July 19, 2007

Zimbabwe is a disaster area, ruled by a Marxist dictator whose murderous tendencies make Saddam Hussein look like a saint.  The massacres of the early years of Robert Mugabe’s rule may soon look like a mere warm-up compared with the mass starvation descending on the former Rhodesia.  If ever there were an argument for the justice of a preemptive war, surely this would be it.

But it’s not.

My old friend Fr. Rob Johansen raised the question on his blog, Thrown Back.  Fr. Rob hasn’t yet offered his answer, but he points to statements made by Roman Catholic Archbishop Pius Ncube, who, along with his brother bishops in Zimbabwe, has spoken out courageously against Mugabe’s reign of terror.  On July 1, Archbishop Ncube told the Sunday Times of London that he thought that a British invasion of Zimbabwe, with the intention of deposing Mugabe, would be justified.

I can understand his sense of desperation; I can sympathize with a man who may very well end his life as a martyr.  But Archbishop Ncube is wrong.

The Catechism of the Catholic Church sums up the four conditions for a just war as follows:

  1. the damage inflicted by the aggressor on the nation or community of nations must be lasting, grave, and certain;
  2. all other means of putting an end to it must have been shown to be impractical or ineffective;
  3. there must be serious prospects of success;
  4. the use of arms must not produce evils and disorders graver than the evil to be eliminated.

Even though the conditions are cumulative, let’s work backward.  Conditions 4 and 3 seem no-brainers: It’s hard to imagine things being worse in Zimbabwe after the deposition of Mugabe (unlike, say, in Iraq, where anyone with any historical sense knew that conditions would likely be worse after the removal of Hussein), and it’s next to impossible to imagine Mugabe repelling even the British.  We could argue about condition 2; Pope John Paul II clearly believed that condition was very hard to meet in any case that didn’t involve a direct attack of an aggressor.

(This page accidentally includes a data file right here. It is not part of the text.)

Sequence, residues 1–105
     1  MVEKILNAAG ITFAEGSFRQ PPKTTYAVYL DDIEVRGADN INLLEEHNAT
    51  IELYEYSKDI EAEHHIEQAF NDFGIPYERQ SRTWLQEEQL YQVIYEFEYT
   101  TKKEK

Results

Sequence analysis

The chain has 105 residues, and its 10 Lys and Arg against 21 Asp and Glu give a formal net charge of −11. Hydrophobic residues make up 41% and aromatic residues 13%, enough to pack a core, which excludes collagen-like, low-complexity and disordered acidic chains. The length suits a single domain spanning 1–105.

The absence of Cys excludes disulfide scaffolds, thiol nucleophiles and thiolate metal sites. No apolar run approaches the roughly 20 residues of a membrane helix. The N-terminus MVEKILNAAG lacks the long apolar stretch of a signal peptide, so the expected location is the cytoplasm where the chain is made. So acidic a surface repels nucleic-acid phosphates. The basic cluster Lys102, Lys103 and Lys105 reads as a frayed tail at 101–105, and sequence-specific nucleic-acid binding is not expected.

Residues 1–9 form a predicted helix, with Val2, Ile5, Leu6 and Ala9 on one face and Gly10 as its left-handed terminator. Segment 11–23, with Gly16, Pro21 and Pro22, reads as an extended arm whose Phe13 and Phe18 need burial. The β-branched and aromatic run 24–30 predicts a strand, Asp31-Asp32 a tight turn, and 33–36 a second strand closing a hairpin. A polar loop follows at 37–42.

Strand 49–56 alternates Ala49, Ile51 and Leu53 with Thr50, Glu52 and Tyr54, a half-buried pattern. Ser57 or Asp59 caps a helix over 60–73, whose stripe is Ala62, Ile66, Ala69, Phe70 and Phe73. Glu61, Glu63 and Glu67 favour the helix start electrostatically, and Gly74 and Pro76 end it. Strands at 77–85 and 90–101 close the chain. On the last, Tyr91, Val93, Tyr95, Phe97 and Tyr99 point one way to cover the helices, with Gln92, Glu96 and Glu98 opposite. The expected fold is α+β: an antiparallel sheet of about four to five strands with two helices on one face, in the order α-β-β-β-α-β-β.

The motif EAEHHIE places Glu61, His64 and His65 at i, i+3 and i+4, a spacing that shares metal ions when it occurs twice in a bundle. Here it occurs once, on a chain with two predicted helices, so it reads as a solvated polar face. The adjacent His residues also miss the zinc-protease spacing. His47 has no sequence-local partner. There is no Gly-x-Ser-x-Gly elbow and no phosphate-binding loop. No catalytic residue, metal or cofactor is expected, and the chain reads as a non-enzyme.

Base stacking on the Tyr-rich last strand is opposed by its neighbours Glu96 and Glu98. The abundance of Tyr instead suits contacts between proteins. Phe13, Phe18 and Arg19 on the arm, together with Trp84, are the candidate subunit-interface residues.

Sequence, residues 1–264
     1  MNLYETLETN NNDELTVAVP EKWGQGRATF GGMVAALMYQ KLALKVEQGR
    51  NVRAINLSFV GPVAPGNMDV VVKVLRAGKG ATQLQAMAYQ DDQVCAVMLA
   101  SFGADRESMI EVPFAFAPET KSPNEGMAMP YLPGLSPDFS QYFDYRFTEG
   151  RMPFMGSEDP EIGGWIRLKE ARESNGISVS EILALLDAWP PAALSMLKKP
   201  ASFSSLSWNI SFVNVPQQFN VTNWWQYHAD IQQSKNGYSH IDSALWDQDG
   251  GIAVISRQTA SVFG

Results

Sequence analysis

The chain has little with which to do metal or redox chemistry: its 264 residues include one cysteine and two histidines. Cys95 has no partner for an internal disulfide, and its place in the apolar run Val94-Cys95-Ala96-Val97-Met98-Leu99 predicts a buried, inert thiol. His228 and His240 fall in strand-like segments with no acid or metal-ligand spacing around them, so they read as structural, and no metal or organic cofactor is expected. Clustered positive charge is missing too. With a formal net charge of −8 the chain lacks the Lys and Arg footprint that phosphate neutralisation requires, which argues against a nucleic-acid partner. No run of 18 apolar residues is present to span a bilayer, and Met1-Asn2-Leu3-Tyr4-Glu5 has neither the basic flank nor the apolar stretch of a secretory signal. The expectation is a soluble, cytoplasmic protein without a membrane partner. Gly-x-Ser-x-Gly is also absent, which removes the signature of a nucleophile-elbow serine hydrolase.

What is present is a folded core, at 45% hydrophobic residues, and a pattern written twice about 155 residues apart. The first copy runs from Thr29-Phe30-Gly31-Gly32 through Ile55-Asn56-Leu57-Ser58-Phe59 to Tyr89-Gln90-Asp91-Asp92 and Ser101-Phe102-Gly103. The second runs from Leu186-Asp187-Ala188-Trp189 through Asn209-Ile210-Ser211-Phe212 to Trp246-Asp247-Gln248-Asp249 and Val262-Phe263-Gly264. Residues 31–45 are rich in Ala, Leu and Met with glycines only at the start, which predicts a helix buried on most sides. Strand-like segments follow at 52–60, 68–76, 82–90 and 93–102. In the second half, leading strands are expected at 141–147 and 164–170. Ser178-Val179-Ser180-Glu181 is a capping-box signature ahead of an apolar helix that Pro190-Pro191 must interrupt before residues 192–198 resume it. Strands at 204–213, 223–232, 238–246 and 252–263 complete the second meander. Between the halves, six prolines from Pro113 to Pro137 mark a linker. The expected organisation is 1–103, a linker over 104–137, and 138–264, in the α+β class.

Which takes us back to condition 1.  Isn’t the damage Mugabe is inflicting on his nation “lasting, grave, and certain”?  Absolutely.  But that doesn’t matter, because the nation under consideration is not his own.  If the question is the justice of an invasion by Britain, then the nation under consideration is the British one.

Despite all of the efforts by such men as Michael Novak and George Weigel to try to redefine just-war theory to allow for preemptive war, the Catechism is clear.  Introducing the four conditions, the Catechism states (p. 2309): “The strict conditions for legitimate defense by military force require rigorous consideration.”  The italics are there in the original, which means that the point could not be more certain: Nations can consider waging war only in defense.

Mugabe’s Zimbabwe does not even begin to represent a threat to Britain.  The very first condition for just war, therefore, cannot be met.

Now, tyrannicide?  That may be justifiable.  But, as the head of the Congregation for the Doctrine of the Faith emphatically declared in September 2002, “the concept of preemptive war does not appear in the catechism.”

I doubt that he’s changed his mind, now that he’s become Pope.


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